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How Iago manipulates Othello.

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Introduction

H/W 3/12/03 Susie Willmott How Iago manipulates Othello During act 3, scene 3 Othello undergoes a great change from his usual brave and valiant nature; Iago transforms him into an insane monster to whom everything is a suspicion. During this scene it is clear to the audience just who, and what Iago is; he doesn't aspire to be anyone but himself and that person is an incredibly envious spider, spinning invisible webs of loathing and jealousy. Characters in Othello are all blind of these webs so all epithets of Iago are all noble, this highly irritates the audience, so all through the scene, the audience's emotions strongly react with Iago's actions and his victim's reactions. In the first part of the scene, Desdemona tells Cassio that she will constantly nag Othello to give him back his job; this is incredibly lucky for Iago because not only will Othello be reminded of the affair from Iago but now also from Desdemona herself, hearing compliments and praise for Cassio constantly from Desdemona is sure to drive Iago's poison deeper than before possible. So as not to annoy Othello, Cassio politely hurries away when Othello and Iago approach them, Iago later draws attention to this and plants the first wave of mistrust in Othello's mind. ...read more.

Middle

On lines 168-172, for once Iago is telling the absolute truth and warning him of jealousy, however only the audience and Iago know that he is really talking about his hatred and jealousy for Othello, not what Othello is thinking, which is his own growing hatred and jealousy for Cassio. IAGO '...O beware my lord of jealousy which doth mock the meat it feeds on...' This advice really makes Othello uneasy, he begins to list Desdemona's virtues and because his own virtues seem so miniature to him, compared to hers, he begins to reassure himself and finally tells Iago he is false and that he has trust in Desdemona. Nevertheless, Iago notices Othello's weakness and begins to work on it. IAGO '...I speak not yet of proof...' This sentence is line 198, it begins Iago's true poison, by saying this, Iago is contradicting what Othello is basing his security on, by taking that away, Othello is prone to falling into uncertainty unless he can find a reply. IAGO '...She did deceive her father marrying you.' In this quotation, line 206, Iago presses further to prove his thought, which he finally told to Othello 10 lines before this. Iago begins to unearth some of Othello's anxieties however; Othello's heart stays true to Desdemona and he insists that he is not moved by Iago's sly words. ...read more.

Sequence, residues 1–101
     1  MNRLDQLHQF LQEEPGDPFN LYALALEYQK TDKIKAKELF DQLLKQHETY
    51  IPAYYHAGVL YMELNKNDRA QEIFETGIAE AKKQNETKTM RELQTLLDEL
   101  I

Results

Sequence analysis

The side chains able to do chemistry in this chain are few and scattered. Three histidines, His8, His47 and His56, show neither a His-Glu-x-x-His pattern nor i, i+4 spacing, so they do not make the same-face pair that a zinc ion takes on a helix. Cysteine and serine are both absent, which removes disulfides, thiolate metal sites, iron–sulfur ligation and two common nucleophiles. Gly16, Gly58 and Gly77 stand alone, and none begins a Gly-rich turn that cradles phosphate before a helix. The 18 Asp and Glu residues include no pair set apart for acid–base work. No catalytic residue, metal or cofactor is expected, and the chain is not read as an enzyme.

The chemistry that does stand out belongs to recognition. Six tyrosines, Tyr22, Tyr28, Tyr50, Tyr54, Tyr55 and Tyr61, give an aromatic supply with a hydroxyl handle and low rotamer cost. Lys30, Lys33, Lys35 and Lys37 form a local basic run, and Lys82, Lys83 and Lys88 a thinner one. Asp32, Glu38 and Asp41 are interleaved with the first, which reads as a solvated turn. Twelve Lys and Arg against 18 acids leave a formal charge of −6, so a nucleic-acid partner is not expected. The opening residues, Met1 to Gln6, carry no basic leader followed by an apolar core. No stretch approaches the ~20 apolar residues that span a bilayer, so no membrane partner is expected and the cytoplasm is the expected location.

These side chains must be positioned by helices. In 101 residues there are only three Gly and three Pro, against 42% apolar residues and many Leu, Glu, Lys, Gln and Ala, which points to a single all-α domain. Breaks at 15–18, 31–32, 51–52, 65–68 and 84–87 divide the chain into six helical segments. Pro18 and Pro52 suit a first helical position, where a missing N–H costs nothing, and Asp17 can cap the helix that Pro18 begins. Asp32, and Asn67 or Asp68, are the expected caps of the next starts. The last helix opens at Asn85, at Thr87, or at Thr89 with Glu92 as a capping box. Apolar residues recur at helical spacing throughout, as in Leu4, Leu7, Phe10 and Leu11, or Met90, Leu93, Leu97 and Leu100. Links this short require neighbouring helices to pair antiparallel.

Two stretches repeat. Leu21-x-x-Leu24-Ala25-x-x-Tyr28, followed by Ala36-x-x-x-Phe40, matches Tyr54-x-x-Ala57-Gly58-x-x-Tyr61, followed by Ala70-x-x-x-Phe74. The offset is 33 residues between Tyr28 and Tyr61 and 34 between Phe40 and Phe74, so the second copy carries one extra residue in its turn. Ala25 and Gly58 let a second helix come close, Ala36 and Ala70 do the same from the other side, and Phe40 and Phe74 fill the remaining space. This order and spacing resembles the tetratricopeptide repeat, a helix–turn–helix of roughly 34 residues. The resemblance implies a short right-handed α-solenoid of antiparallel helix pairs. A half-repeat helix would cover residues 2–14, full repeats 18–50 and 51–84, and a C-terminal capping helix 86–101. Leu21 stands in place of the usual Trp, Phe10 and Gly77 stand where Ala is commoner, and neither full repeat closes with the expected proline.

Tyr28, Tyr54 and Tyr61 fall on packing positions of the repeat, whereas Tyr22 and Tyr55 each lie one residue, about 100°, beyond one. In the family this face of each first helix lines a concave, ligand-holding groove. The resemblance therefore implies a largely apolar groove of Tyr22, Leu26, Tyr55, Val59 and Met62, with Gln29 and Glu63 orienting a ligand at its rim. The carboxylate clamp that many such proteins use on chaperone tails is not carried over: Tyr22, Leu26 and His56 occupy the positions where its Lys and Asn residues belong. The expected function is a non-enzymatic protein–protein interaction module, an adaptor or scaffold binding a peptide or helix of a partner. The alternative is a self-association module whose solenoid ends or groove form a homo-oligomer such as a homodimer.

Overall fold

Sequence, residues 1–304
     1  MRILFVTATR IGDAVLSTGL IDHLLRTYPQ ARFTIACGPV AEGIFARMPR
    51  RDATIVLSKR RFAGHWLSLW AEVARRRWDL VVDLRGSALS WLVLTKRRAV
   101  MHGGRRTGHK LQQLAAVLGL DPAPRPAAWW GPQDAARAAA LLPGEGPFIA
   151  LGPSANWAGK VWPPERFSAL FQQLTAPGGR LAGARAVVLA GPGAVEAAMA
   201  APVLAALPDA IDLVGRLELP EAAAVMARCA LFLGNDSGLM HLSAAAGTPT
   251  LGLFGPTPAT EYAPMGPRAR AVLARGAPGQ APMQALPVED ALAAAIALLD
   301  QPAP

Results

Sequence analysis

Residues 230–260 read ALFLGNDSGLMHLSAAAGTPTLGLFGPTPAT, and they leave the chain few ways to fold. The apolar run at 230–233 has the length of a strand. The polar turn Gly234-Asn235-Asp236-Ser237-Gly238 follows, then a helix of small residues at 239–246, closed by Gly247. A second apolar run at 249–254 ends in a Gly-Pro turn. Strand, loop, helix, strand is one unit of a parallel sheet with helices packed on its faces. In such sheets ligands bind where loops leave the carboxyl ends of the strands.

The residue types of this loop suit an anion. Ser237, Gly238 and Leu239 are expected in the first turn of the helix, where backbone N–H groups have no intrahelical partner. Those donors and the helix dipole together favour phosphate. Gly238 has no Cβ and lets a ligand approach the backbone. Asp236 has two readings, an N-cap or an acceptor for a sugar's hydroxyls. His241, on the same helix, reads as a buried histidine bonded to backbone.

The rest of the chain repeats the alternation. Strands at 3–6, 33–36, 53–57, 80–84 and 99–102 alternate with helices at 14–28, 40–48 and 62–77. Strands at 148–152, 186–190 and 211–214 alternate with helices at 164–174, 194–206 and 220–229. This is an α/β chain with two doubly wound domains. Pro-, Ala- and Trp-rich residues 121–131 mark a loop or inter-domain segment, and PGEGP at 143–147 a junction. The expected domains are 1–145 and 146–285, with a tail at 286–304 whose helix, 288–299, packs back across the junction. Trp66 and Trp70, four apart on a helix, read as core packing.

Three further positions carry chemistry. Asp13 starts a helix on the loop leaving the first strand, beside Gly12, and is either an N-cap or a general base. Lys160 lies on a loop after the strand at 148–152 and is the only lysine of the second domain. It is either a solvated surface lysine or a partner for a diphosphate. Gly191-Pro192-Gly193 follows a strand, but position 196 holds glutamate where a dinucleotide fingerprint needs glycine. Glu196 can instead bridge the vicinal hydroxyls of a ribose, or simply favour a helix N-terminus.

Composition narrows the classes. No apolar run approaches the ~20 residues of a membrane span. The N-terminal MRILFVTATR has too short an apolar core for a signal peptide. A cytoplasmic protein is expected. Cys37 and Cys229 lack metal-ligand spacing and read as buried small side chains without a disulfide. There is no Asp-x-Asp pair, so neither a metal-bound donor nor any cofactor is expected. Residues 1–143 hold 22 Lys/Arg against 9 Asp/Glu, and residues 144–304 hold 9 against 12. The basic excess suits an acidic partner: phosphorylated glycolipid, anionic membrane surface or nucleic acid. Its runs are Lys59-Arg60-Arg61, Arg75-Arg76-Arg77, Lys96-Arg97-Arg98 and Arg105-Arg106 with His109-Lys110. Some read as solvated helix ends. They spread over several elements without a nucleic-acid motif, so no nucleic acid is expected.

Conclusion

During this soliloquy, the audience is enthused with anger from Iago's lies. The play structure is really quite absurd up until now when it would seem that Othello has become completely vulnerable from an incredibly noble general. In this soliloquy, Othello also mentions that he is a bad public speaker, this is completely untrue as the audience know, this proves just how vulnerable Othello is feeling, he is completely unsure of himself and just to make things worse, he is in love with Desdemona. To be in love and to be hurt by that person is most probably the worst thing that could ever happen to you, and so the audience is once again irritated. Later, there is clear evidence of hostility in Othello. He is completely convinced of Desdemona's infidelity. He bids farewell to not only his nobility but also everything that makes him a man. OTHELLO 'Farewell! Othello's occupation gone.' There is a huge repetition of farewell, which shows his despair and his becoming a barbarian. However he is incredibly aggressive towards Iago, he wants proof! Iago's position is becoming a spiral of which at the end it is clear he will die unless he does something drastic to undo the spiral. As is typical of Iago, he attempts to truly break Othello down by asking for what kind of 'proof' and speaking aloud incredibly rude images: IAGO '...Were they as prime as goats, as hot as monkeys... ...read more.

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